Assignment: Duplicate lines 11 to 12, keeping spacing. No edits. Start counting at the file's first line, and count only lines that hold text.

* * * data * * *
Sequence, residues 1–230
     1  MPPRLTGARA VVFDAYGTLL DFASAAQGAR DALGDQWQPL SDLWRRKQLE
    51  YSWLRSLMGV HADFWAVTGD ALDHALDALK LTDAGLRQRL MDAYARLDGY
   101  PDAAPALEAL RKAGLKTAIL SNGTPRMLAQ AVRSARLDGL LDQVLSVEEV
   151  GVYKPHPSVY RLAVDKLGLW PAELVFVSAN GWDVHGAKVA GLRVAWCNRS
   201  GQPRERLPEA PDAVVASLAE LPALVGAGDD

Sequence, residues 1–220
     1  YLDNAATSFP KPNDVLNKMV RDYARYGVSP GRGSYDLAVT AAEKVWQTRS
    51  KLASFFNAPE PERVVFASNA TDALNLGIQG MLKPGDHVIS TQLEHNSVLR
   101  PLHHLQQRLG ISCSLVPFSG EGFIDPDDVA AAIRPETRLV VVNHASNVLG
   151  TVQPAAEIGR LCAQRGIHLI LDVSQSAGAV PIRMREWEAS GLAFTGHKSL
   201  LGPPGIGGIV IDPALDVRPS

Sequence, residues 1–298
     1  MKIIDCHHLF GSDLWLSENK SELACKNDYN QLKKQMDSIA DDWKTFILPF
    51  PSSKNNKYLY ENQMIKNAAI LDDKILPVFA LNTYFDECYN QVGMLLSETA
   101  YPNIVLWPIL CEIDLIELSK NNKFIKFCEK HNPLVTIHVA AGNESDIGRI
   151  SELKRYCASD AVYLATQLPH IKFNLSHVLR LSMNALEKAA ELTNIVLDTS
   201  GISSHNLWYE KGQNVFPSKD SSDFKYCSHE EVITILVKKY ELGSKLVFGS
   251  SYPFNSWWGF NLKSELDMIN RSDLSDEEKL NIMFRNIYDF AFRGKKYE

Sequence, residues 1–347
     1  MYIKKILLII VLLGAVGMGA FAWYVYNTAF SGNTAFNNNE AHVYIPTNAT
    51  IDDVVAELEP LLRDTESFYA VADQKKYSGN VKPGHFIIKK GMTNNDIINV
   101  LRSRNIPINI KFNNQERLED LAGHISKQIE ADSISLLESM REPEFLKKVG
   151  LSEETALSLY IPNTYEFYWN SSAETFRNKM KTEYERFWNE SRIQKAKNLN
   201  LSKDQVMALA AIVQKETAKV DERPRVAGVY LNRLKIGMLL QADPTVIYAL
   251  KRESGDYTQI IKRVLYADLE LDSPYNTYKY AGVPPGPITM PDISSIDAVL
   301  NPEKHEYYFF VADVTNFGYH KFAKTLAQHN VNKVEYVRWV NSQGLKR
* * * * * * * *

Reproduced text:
   151  TVQPAAEIGR LCAQRGIHLI LDVSQSAGAV PIRMREWEAS GLAFTGHKSL
   201  LGPPGIGGIV IDPALDVRPS